“Home art gone, and ta’en thy wages”

April 23, 2016 | Posted by Peter Jakobsen | Classic Books, Plays, Poetry | 2 Comments |

(Painting of William Shakespeare attributed to John Taylor)

Commemorating the death of the Bard (April 23 (?) 1564 to April 23, 1616) today, we note that William Shakespeare mesmerised his world, and the world ever since, although recently it seemed his status had become diminished.  We predict this to be a mere phase.  His plays are still staged and he will persist (to some, annoyingly so) in outpointing everyone else.

Here are some random tributes, old and new:

Shakespeare changes the entire meaning of what it is to have created a man made out of words. [Harold Bloom, The Western Canon 1994]

What is generally forgotten is that Shakespeare himself is a greater hero than any of the figures he depicted: that actually in spectacular glory and renown no physical achievement could surpass his. [Wyndham Lewis, The Lion and the Fox 1927]

When he describes any thing, you more than see it, you feel it too. [John Dryden, An Essay of Dramatic Poesy 1668]

We must be free or die, who speak the tongue that Shakspeare spake…[William Wordsworth]

Why, here’s our fellow Shakespeare puts them all down, ay, and Ben Jonson, too. [quoted from ‘The (third of the) Parnassus Plays’ c. 1602/3, by Katherine Duncan-Jones, Shakespeare’s Life and World 2004]

His house in Stratford-upon-Avon (photo attributed to "Pessimist")

His house in Stratford-upon-Avon (photo attributed to “Pessimist”)

(In the First Folio of his plays) you will find enough both to draw and hold you; for his wit can no more lie hid, than it could be lost. [John Heminge and Henry Condell, Epistle to the First Folio 1623]

No one has more imaginative sympathy than Shakespeare. [E.E. Stoll, Othello: An Historical and Comparative Study 1915]

This therefore is the praise of Shakespeare, that his drama is the mirror of life… [Samuel Johnson]

With Shakespeare the story is never the secret.  He will take, in his own large indolent way, any man’s story and make it his property; nor does he care how the facts may seem to damn hero or heroine, so only that he have the handling of their motives.  [Sir Arthur Quiller-Couch, Studies in Literature 1922]

Shakespeare takes a few bones from the novel’s plot and flings the rest to well-deserved oblivion.  Round those bones he builds a new work whose purport, atmosphere, and language have really nothing in common with his original. [C. S. Lewis, The Discarded Image 1964]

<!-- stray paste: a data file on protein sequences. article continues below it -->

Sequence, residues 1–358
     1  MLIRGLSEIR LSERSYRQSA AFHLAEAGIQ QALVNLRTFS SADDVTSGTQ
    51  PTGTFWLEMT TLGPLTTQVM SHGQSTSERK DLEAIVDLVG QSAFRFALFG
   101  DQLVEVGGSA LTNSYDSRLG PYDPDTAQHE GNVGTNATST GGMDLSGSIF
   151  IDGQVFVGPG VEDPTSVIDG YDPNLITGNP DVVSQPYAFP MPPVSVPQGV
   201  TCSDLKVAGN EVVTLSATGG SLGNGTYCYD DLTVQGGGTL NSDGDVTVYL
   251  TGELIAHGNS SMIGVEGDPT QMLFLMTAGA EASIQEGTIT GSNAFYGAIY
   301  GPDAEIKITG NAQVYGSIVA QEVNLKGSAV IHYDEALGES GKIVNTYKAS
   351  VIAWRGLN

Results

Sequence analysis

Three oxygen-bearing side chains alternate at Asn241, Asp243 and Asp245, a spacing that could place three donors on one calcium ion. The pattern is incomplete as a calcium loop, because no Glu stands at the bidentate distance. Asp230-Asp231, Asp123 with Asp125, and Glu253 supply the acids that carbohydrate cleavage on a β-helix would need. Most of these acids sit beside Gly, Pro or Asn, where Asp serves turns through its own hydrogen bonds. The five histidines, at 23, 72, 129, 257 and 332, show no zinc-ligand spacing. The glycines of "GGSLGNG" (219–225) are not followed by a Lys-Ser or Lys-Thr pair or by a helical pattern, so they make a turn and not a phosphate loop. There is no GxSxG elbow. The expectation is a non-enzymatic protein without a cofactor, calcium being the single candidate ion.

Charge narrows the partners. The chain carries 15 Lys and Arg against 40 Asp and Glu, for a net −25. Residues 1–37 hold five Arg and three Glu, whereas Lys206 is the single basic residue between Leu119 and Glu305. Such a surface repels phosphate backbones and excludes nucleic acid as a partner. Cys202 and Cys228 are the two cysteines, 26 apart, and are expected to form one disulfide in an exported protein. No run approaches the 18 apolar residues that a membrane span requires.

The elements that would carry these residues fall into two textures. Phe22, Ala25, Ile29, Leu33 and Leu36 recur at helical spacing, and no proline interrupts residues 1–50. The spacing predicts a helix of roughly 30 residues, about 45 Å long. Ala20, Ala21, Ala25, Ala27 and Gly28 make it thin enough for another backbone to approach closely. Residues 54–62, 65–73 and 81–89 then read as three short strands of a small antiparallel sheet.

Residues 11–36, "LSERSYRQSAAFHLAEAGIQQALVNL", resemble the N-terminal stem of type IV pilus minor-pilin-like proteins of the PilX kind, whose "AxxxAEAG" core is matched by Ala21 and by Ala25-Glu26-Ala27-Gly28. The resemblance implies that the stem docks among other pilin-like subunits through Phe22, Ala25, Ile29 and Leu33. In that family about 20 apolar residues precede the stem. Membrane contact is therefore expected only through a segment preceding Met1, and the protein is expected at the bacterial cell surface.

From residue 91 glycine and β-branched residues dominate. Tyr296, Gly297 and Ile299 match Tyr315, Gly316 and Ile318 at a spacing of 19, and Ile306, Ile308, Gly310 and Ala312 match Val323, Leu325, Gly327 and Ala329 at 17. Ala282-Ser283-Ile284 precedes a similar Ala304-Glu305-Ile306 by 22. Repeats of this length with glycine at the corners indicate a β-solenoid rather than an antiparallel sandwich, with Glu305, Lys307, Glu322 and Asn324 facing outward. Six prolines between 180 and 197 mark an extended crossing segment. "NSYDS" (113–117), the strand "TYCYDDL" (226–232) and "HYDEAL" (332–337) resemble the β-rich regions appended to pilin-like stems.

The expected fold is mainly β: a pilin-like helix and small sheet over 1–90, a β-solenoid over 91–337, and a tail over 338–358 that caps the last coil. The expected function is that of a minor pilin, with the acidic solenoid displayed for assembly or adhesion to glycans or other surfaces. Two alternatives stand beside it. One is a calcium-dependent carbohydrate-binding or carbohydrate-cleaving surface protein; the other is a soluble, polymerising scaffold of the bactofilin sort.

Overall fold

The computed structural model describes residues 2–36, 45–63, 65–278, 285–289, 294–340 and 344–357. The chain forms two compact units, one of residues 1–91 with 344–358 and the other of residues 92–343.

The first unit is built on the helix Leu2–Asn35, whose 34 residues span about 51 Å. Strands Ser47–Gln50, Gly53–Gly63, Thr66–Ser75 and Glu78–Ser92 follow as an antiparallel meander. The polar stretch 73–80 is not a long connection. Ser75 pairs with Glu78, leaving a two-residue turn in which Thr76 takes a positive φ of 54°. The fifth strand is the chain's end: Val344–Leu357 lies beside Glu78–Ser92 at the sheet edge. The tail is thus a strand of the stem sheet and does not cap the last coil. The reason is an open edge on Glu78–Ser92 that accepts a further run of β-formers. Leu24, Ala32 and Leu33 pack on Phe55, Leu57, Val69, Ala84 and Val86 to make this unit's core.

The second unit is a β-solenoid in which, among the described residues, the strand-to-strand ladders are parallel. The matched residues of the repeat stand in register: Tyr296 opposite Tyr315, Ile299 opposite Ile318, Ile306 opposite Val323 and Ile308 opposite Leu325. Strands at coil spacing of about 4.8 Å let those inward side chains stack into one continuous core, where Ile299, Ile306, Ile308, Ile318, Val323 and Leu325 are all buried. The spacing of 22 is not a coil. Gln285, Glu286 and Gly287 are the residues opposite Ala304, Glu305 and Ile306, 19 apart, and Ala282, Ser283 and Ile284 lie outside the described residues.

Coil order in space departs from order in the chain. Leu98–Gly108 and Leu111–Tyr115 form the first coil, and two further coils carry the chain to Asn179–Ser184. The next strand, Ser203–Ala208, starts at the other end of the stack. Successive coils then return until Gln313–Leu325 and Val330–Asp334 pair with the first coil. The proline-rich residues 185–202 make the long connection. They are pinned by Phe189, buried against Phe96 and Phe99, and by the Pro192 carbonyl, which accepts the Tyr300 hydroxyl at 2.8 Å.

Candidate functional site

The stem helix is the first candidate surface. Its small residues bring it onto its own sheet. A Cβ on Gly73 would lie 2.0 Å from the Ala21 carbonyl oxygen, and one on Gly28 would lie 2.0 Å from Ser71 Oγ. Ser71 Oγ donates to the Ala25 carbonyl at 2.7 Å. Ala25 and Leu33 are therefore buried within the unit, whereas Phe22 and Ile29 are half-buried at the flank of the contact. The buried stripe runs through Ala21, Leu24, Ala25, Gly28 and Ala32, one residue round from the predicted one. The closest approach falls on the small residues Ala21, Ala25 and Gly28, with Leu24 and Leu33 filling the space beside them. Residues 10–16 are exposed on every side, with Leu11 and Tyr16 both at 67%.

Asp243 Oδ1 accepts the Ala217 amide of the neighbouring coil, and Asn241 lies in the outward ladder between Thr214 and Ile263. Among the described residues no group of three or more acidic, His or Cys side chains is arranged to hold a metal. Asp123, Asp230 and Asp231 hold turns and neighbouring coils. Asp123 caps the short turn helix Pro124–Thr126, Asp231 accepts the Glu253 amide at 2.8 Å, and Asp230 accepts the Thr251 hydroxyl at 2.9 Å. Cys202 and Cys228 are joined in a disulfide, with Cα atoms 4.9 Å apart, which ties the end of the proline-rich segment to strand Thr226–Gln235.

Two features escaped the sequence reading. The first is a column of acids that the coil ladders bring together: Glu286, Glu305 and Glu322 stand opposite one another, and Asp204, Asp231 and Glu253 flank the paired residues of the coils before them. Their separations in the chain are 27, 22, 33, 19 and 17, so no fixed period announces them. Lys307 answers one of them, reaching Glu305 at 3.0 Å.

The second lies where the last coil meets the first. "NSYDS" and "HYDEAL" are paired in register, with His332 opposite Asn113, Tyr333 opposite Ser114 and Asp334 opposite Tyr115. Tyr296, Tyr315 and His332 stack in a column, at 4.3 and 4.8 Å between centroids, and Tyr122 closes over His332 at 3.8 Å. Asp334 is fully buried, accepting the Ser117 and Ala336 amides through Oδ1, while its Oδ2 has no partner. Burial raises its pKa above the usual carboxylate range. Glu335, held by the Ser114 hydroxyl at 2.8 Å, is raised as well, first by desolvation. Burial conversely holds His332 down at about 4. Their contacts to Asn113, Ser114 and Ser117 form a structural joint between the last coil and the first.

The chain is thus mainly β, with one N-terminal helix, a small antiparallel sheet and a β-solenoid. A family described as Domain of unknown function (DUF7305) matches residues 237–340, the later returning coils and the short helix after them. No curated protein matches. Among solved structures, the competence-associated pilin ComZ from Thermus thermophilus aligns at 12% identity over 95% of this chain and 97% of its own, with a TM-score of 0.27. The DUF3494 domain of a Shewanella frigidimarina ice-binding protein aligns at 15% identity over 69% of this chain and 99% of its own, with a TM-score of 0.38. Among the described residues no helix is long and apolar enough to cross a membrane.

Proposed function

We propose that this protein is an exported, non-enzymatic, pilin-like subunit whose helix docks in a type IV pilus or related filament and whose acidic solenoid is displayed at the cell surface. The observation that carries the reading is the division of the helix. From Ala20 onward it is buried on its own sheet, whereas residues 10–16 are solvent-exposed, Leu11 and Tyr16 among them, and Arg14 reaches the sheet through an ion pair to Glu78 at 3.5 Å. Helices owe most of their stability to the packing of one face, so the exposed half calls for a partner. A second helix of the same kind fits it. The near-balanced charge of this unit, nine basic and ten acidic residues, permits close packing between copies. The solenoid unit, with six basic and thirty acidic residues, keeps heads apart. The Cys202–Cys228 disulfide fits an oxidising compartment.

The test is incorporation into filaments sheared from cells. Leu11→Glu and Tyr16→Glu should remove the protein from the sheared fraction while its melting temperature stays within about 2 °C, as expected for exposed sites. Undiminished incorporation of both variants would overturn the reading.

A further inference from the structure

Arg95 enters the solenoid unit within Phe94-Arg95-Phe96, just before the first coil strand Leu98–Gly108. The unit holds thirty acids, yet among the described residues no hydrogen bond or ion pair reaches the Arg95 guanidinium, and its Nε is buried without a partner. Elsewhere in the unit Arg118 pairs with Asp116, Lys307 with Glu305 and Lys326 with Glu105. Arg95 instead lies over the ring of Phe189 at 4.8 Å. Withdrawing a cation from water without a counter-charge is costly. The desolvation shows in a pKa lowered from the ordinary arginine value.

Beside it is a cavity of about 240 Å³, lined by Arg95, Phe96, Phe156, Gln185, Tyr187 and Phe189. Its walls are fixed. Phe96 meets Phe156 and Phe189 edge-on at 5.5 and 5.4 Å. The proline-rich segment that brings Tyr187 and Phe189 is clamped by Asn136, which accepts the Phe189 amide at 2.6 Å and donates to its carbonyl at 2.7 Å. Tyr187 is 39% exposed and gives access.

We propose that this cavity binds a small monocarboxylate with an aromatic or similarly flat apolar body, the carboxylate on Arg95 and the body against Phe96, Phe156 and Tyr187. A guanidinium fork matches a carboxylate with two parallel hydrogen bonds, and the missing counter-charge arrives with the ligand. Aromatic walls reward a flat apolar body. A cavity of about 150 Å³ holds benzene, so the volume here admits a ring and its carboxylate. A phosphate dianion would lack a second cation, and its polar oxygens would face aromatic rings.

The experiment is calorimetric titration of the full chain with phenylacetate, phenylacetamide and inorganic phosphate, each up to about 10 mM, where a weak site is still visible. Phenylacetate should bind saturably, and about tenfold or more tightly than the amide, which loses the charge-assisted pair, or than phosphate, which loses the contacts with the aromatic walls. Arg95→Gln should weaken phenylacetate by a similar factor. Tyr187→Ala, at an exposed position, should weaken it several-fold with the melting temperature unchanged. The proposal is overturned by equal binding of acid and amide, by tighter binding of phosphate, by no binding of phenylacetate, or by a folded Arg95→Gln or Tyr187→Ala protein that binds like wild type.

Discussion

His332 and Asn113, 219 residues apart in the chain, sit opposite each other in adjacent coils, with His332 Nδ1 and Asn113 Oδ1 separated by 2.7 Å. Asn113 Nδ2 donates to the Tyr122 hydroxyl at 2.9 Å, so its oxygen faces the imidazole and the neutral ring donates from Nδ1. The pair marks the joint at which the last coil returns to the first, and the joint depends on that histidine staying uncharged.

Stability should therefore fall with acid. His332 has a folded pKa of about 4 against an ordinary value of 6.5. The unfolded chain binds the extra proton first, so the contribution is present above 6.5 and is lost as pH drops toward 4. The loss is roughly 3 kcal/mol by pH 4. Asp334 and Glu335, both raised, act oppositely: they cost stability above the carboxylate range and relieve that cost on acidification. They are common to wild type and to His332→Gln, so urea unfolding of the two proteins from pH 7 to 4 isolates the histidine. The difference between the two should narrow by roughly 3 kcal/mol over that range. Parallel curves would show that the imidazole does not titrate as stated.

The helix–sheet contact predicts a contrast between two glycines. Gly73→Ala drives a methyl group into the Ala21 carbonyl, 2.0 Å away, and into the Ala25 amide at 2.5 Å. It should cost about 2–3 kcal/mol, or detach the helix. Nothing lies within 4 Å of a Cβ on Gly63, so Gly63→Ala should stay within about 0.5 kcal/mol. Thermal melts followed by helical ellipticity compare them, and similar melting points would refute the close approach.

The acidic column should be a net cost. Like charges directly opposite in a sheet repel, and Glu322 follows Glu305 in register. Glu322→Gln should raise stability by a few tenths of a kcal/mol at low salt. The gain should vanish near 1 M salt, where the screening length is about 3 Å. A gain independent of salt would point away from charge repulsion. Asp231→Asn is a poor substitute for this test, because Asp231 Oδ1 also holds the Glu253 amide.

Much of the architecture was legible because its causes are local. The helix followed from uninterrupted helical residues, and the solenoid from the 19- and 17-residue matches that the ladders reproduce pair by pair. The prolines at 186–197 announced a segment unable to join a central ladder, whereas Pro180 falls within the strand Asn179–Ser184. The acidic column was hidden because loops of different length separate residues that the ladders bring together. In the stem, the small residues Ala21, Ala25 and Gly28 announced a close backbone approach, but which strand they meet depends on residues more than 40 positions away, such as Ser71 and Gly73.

If the day ever comes when Shakespeare is no longer acted, read and studied, quoted and loved, Western Man will be near his end.  [J. B. Priestley, Literature and Western Man 1960]

With Shakespeare…essentially we know absolutely nothing.  His deliberate colourlessness may have been one of his many masks for an intellectual autonomy and originality so vast that not only his contemporaries but also his forerunners and followers have been considerably eclipsed by comparison. [Harold Bloom, Shakespeare – the Invention of the Human 1998]

Shakespeare has this advantage over all other dramatists – that he has availed himself of his psychological genius to develop all the minutiae of the human heart: shewing us the thing that, to common observers, he seems solely intent upon, he makes visible what we should not otherwise have seen… [S. T. Coleridge, 1811-12]


For though his line of life went soon about, The life yet of his lines shall never out. [Hugh Holland, Upon the Life and Lines of the Famous Scenic Poet, Master William Shakespeare 1623]

I have great reason to be content, for thank God I can read and perhaps understand Shakespeare to his depths… [John Keats, letter to John Taylor, c. 1818]

As Rupert Brooke, who also died on April 23, might have said of him: He leaves a white unbroken glory, a gathered radiance, a width, a shining peace, under the night.

Apart from the problematic last Will and Testament, Shakespeare’s nastiest poesy appears on his tomb (see below).  As a parting gesture, we prefer his glorious lines from Cymbeline (Act IV, Scene II):

Fear no more the heat o’ the sun,

Nor the furious winter’s rages;

Thou thy worldly task hast done,

Home art gone, and ta’en thy wages…
















[Vide our other Shakespeare (or related) posts: King Lear, Macbeth, Richard III, Henry V, Falstaff, Much Ado About Nothing, Othello, Twelfth Night, Two Gentlemen of VeronaJulius Caesar.]


  1. Reply

    Wheel Wright

    April 23, 2016

    I doubt we will ever see an imagination of such subtlety and scope again

  2. Reply

    Septimus Warren Smith

    March 17, 2022

    The genius is always at the mercy of his genius. Poor, suffering Shakespeare; he couldn't run fast enough to get away from himself.

Leave a comment...

While your email address is required to post a comment, it will NOT be published.

Leave a Reply

© Copyright 2014 The Varnished Culture All Rights Reserved. TVC Disclaimer. Site by KWD&D.